If the Memphis City Council approves a proposal to settle a six-year-old school funding lawsuit between the city and Shelby County Schools, Superintendent Dorsey Hopson said Tuesday he plans to invest the city’s first payment of $6 million in the district’s Innovation Zone.

Hopson encouraged the school board Tuesday night to support the proposed settlement saying “a compromise has been reached, and it’s time to put the lawsuit behind us.”

The board took Hopson’s recommendation almost unanimously, with Chairwoman Teresa Jones abstaining because she works for the city.

Hopson and Memphis Mayor AC Wharton brokered the agreement over several months of conversations, with the final hashing out of a payment plan taking place over this past weekend, Hopson said.

But there’s one final hurdle the proposed lawsuit settlement must clear:  the city council. This could prove difficult since the city has challenged two court rulings that determined it underfunded Memphis City Schools by $57 million in the 2008-09 school year.

The 13-member council met Tuesday, shortly after learning, in a letter from Wharton, about the proposed settlement. The council didn’t take up the lawsuit issue. Its next meeting is Jan. 6. The Commercial Appeal reported discussions on the issue will continue on Jan. 8.

“The tricky thing with this proposal is that it requires everyone to be on board. The school board is on board, I’m on board, and Mayor Wharton is on board. Now it’s up to the city council to see if this proposal moves forward or not,” Hopson said during a post meeting interview with Chalkbeat Tennessee.

The agreement allows the city to pay the debt without raising taxes and provides the district with Memphis Police school resource officers and assumption of an $8 million debt the former Memphis City Schools incurred in 1998.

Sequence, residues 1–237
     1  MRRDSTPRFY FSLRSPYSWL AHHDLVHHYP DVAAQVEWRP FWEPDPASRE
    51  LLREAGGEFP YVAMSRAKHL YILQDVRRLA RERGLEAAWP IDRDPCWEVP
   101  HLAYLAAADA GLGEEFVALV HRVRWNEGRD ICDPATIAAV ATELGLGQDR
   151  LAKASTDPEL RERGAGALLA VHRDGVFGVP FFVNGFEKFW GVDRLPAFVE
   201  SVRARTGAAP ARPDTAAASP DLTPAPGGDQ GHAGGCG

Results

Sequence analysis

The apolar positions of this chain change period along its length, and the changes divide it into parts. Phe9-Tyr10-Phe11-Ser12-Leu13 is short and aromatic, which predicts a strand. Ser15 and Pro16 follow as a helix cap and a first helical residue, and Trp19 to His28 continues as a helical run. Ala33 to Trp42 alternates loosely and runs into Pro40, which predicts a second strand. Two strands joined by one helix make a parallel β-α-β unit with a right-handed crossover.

Under the payment plan, the schools would receive $32.7 million over a 13-year period with the first payment of $6 million due by Feb. 1, 2015. During the first three years, the city would make annual payments of $1.3 million and in fourth year through the 12th years of the plan, the city would pay $2.2 million.

“We strongly urge city council to put this behind us,” Hopson said.

This is not the first time Hopson has mentioned investing in the iZone. Before talks of a settlement were public, Hopson talked about combining some school buildings to provide iZone services and searching for expansion funding.

The iZone, is the district’s effort to turnaround low performing schools by giving them flexibility over their budgets, staffing, schedules, and programming. It has been funded through federal School Improvement Grants, or SIG money, which runs out in 2016.

It has proven successful so far with six of the 13 schools in the effort improving enough that they are no longer at risk for state intervention.

Word of how the money would be spend was not lost on Sharon Griffin, regional superintendent of the iZone.

“That’s good news, but I want more clarity about the details,” said Griffin after Tuesday’s meeting.  Griffin said the iZone schools are working on a plan for sustaining their work without additional funding, but that they also pursuing philanthropic money to support their work.